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Head lice treatment: dispelling the myths

Nigel Hill
Medical Entomologist
Disease Control and Vector Biology Unit
Department of Infectious and Tropical Diseases
London School of Hygiene and Tropical Medicine

Head lice, Pediculus capitis, are wingless, dorso-ventrally flattened, obligate ectoparasites. Closely related are two other human blood-sucking lice, the body (or clothing) louse, Pediculus humanus, and the pubic or "crab" louse, Pthirus pubis. While head lice remain common among primary school-aged children in the UK, the incidence of body lice is now comparatively rare in developed countries, although quite common in vagrants or refugee situations where changes of clothing are limited. The prevalence of pubic lice is difficult to determine as most cases are detected only in referrals to STD clinics. Contrary to popular belief, pubic lice are not uncommon in facial hair, and a number of cases of eyelash infestation of young children are referred to the public health laboratory service entomological identification unit every year.

Despite huge advances in most forms of public health and communicable disease treatment in recent decades, control of head lice remains problematic, hampered by the misunderstanding and social stigma that still surround the subject, and made worse by pediculicides of increasingly poor efficacy. Each of these aspects must be addressed if we are to see real progress towards eradicating head lice in the future.

Dispelling the myths
It is widely believed that lice fly or jump from person to person, or that sharing hats, combs or pillows is a means of transmission, yet there is no evidence that anything other than prolonged head-to-head contact is required for lice to spread. Similarly, it is thought that those with lice will have an itchy scalp, but this is likely only after prolonged or heavy infestation. Although many think that a quick visual inspection of the head will locate lice in dry hair, in most cases where numbers are low it requires use of a fine-tooth comb in wet and preferably conditioned hair.

A good proportion of parents of children at primary school continue to call for the reinstatement of "nit nurse" inspections in classes, not realising that this activity had little impact other than being a huge drain on primary healthcare resources. The problem of social stigma may be harder to address - despite the fact that we know lice can, and do, infect anyone, regardless of socioeconomic class, there are still connections made between infection, poverty and personal hygiene.(1)

At the present time, giving advice on the most appropriate means of treating head lice is far from straightforward. The mainstay of control, the licensed proprietary treatments based on insecticides, have been in widespread use for many years, and as a consequence the lice population is developing resistance, so no treatment is fully effective.(2,3) The products of choice based on the pyrethroids, permethrin and phenothrin, seem to be particularly ineffective.(2) Products based on the organophosphate malathion seem to have retained efficacy rather better, although this seems to depend on location.(2,3) Having been restricted to prescription-only status since 1996, carbaryl-based treatments are likely to be the most effective currently available, but cross-resistance to organophosphates may become a problem in the future, due to the similar mode of action of the two active compounds.(3)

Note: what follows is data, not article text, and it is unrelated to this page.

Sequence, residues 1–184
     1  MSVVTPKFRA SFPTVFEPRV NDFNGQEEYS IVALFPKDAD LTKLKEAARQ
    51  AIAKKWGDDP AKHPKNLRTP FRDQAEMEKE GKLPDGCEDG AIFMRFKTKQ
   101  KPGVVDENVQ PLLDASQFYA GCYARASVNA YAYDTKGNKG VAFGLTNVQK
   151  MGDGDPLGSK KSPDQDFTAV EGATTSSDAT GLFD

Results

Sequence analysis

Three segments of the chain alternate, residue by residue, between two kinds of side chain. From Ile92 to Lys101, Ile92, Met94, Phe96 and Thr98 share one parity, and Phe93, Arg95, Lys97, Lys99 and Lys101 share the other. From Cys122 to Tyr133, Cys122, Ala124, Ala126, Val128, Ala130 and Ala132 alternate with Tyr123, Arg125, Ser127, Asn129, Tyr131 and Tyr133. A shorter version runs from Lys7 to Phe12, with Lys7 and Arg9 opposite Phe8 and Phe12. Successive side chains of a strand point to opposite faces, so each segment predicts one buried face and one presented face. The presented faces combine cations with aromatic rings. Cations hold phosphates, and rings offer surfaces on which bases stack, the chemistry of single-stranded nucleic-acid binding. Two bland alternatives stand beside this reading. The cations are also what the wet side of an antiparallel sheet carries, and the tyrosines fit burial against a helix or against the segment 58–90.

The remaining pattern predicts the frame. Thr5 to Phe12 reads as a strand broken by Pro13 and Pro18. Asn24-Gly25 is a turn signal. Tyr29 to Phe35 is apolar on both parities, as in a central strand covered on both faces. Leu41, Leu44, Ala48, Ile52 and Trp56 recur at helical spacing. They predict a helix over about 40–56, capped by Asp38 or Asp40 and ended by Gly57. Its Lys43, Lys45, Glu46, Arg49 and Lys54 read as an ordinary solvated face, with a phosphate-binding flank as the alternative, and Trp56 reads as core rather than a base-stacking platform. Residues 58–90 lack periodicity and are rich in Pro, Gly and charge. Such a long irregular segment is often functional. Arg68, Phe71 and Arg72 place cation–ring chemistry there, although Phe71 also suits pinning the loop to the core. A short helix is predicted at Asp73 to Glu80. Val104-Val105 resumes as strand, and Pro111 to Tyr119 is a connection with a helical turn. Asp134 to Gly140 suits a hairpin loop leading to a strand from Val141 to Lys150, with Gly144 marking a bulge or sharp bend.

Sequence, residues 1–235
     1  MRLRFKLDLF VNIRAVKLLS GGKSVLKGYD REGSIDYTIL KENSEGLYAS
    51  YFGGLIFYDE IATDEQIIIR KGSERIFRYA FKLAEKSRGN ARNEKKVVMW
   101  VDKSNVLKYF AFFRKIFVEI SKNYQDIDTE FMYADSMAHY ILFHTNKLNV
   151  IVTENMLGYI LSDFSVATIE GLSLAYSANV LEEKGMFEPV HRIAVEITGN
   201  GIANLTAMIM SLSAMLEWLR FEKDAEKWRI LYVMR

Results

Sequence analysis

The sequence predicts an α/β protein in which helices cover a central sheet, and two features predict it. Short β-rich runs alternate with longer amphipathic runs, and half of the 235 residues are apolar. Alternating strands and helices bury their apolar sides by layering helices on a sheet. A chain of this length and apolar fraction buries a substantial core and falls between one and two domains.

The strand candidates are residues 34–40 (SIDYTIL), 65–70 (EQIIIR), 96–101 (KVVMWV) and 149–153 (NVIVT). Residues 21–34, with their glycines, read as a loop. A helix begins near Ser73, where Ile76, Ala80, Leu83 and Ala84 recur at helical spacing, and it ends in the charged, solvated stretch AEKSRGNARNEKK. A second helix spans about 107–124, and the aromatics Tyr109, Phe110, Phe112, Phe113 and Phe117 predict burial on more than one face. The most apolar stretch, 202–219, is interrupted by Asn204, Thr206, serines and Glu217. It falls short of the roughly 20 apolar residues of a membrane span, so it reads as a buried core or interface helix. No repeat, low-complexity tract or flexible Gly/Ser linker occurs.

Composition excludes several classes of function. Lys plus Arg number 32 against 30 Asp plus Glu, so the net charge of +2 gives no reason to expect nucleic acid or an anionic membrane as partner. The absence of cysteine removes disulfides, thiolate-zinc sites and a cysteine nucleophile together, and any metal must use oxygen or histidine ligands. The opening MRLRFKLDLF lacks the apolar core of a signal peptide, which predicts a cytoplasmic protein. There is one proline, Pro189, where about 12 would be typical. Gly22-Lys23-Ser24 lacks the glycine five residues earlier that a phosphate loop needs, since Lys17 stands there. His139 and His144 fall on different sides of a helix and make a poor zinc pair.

The best advice is that, whichever pediculicide is used, it is vital to check success by wet fine-tooth combing a week after use to confirm eradication, and where treatment has failed, an unrelated treatment substituted. One point to remember, despite claims and instructions by the manufacturers, ovicidal activity is generally poor with these products, so double-dosing as recommended in the BNF or local authority guidelines should be followed.

In those cases where parents are reluctant to use insecticidal products, or where resistance has been confirmed, there is growing evidence that a structured course of wet combing with conditioner, known as "Bugbusting" by the charity Community Hygiene Concern, can be successful. While more time-consuming than traditional pediculicides, this method does not suffer the problem of resistance and may be cost-effective in the long term. Unfortunately, perhaps as a consequence of the reduced efficacy of traditional products, the number of unlicensed "cures" for lice on the market has escalated. Substances such as tea tree oil and other herbal remedies make claims of safety and efficacy, despite never having been fully evaluated. Such unlicensed products are being marketed illegally in the UK, and health professionals should discourage their use.

A new generation of pediculicides containing new actives is currently undergoing clinical evaluation, so the outlook is not all doom and gloom. However, it will be a while before we return to the days of quick and easy control.



  1. Figueroa JI. Head lice: is there a solution? Curr Opin Infect Dis 2000;13:135-9.
  2. Downs AMR, Stafford KA, Harvey I, Coles GG. Evidence for double resistance to permethrin and malathion in head lice. Br J Dermatol 1999;141:508-11.
  3. Downs AMR, Stafford KA, Hunt LP, Ravenscroft JC, Coles GG. Widespread insecticide resistance in head lice to the over-the-counter pediculicides in England, and the emergence of carbaryl resistance. Br J Dermatol 2002;146:88-93.

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